Activist investors were busy in 2017. General Electric, AIG, Arconic, CSX, Pandora, and Buffalo Wild Wings are among the companies whose CEOs resigned under pressure from activist investors. Activist investors single out underperforming companies, then force changes, which may include giving the activist a seat on the board, replacing company leaders, divesting a division, or simply cutting costs.
If it’s a weekend and the forecast shows potential for good wind, my husband and I head to the beach. We aren’t always rewarded with enough wind for great kiteboarding, but if there is wind, we’re often the only ones there, set up and ready to take advantage of it.
Meanwhile, others who have waited for the wind to materialize before jumping in the car often arrive just as the wind is dying.
Just like the wind, most everything in business is subject to change, often when you least expect it. And change brings uncertainty, which often manifests as doubt, delay and paralysis. We don’t know what’s going to happen, so we wait. According to psychologists, we humans are hardwired to dislike uncertainty; it’s in our DNA. In a recent study, researchers discovered that uncertainty is more stressful to humans than knowing that something bad is definitely going to happen.
No matter what business you’re in, and whether the business outlook is bleak or robust, one thing is certain: the success or failure of your strategy hinges on what your competitors choose to do. Continue Reading →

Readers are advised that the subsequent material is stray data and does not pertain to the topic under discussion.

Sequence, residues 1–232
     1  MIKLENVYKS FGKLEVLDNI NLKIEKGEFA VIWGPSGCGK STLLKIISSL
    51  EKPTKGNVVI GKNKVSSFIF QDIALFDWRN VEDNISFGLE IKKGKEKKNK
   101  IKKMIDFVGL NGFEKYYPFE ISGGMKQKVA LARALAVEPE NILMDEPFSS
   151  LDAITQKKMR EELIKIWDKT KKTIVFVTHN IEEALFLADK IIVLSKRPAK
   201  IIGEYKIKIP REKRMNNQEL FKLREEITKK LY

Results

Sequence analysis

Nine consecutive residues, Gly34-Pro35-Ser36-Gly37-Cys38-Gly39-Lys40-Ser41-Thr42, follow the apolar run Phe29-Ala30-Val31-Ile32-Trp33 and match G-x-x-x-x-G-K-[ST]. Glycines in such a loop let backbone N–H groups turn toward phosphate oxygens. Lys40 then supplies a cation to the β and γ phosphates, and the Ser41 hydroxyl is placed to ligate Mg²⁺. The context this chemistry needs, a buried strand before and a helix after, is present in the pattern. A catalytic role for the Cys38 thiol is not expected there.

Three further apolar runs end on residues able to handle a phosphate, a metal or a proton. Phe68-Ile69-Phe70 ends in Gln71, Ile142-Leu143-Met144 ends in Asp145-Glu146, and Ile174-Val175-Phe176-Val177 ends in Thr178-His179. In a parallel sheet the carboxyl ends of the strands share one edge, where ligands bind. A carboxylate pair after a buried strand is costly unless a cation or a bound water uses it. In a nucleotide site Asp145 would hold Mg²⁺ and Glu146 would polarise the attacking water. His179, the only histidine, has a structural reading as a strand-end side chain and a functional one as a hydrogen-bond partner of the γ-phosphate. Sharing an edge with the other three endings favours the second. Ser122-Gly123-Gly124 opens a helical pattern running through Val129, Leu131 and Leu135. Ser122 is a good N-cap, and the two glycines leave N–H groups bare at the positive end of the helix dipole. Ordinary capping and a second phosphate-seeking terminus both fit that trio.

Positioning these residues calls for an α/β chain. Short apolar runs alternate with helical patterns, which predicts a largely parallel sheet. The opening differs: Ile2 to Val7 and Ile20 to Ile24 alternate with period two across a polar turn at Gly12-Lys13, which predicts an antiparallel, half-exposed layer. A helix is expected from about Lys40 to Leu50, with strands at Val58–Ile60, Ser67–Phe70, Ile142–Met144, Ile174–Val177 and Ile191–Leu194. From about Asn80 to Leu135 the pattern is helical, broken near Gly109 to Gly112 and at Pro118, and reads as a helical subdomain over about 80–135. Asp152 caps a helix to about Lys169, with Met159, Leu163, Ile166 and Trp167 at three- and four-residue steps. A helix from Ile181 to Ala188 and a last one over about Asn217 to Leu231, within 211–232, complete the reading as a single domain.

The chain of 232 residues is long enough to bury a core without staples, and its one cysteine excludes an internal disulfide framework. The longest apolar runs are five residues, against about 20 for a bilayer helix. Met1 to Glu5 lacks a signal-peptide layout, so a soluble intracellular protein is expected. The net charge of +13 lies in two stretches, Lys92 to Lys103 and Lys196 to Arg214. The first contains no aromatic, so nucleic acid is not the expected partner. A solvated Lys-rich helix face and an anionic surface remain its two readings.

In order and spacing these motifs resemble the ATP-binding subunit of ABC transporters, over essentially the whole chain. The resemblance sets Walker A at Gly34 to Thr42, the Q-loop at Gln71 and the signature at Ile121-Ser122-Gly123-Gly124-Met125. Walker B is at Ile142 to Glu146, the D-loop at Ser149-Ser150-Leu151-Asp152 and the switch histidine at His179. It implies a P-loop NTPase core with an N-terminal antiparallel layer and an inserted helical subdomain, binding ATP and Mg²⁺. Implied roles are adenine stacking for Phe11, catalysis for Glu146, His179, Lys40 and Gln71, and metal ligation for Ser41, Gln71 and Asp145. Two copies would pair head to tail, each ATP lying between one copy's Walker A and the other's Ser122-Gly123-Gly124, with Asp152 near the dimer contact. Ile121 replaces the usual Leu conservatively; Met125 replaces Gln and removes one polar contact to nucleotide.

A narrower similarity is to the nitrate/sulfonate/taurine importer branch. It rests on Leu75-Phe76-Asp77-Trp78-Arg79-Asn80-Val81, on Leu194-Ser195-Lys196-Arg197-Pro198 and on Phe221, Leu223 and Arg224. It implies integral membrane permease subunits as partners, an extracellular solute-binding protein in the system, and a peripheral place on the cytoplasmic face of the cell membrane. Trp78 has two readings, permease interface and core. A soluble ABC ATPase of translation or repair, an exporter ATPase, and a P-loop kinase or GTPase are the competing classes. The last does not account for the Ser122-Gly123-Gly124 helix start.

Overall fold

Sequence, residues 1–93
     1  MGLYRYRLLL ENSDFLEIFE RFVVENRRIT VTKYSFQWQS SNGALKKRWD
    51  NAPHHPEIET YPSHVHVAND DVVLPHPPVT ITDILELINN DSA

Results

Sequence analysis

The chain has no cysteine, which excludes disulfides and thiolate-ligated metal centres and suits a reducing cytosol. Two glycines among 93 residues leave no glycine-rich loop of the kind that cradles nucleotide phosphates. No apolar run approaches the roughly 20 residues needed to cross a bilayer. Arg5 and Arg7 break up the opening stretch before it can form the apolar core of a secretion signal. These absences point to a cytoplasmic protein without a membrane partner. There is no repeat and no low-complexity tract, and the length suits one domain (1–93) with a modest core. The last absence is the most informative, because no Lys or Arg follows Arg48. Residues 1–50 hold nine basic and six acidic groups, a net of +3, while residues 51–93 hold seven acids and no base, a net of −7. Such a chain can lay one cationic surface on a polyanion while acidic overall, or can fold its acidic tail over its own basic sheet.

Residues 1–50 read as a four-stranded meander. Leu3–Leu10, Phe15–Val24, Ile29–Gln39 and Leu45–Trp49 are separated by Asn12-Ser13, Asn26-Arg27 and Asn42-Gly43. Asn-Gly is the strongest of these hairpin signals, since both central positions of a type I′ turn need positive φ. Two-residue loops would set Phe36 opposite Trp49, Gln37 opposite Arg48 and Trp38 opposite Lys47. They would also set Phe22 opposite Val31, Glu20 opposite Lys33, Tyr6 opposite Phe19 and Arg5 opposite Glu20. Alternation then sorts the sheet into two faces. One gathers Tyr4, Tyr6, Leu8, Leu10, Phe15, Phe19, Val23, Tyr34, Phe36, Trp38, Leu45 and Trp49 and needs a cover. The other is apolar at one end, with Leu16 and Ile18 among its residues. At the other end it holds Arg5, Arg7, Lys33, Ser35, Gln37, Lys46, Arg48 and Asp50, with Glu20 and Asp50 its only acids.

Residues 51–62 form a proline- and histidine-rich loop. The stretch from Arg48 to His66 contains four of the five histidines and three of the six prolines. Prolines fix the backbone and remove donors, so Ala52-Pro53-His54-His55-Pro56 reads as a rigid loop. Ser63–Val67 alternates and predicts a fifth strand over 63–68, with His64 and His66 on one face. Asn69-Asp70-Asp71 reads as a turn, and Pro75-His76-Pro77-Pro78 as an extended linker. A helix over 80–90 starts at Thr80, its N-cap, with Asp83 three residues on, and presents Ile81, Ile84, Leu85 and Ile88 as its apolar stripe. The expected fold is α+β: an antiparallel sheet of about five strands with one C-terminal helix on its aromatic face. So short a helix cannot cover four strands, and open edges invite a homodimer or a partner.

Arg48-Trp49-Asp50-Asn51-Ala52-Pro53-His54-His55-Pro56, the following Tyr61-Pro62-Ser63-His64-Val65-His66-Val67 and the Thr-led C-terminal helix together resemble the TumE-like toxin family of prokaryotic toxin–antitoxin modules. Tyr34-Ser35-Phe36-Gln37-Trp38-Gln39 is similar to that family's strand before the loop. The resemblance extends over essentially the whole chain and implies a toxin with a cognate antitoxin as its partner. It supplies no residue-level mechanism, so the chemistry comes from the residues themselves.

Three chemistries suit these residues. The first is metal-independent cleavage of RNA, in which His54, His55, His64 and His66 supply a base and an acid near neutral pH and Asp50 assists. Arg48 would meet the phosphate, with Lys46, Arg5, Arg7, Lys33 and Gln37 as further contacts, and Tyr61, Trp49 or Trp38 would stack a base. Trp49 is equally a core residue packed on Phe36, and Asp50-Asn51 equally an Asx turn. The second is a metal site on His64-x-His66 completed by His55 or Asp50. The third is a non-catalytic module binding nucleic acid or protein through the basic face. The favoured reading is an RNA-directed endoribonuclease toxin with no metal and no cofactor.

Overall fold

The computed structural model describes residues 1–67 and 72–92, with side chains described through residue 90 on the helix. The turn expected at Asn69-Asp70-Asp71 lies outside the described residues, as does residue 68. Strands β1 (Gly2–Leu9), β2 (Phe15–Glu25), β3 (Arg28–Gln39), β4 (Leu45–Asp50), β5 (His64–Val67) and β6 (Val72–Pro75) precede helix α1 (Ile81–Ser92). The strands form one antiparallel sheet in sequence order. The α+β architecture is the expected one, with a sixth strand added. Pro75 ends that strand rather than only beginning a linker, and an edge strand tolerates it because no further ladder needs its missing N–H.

I recently worked with a large, successful company whose growth had slowed. They needed new ideas—and not just any ideas, but big ideas: new growth trajectories that would generate at least a billion dollars in revenue. Entirely new categories.
They were already one of the largest players in their industry, so taking market share was not easy for them. They needed to build new markets—creating and serving customer needs that had never before existed.
The problem was the ideas just weren’t flowing from the team. Continue Reading →
Do you think your own business is quick enough and agile enough to survive and thrive in today’s fast-moving business markets? Continue Reading →
When I was sixteen, I went on a 2-week horseback trip in the Bighorn mountains of Wyoming. Each morning, we were given the coordinates of the location where we would camp that night, then turned loose with a map and compass. It was satisfying to arrive at the destination each night, after navigating our way through the mountains on our own.
Heading a new strategic direction—entering a new market, innovating a new product line, or changing the way we go to market—can feel like heading out into the wilderness. If we think like an explorer would, however, we can find our way to new sources of profit and growth.
Here are four points to keep in mind when navigating new strategic territory:
Are you struggling to make your company more agile?
In my work with organizations in virtually every industry, I find that business agility – the ability to spot and capitalize on new business opportunities as they emerge – is a capability that many companies aspire to, but few achieve.
What makes agility so elusive?
I’ve observed six primary obstacles to achieving agility. Continue Reading →
When you want to gain insight into emerging customer needs and behaviors, the first solution you might think of is market research. But research can be costly, and it can take weeks to implement and analyze.
Beyond the cost and time required, there are two big problems with market research.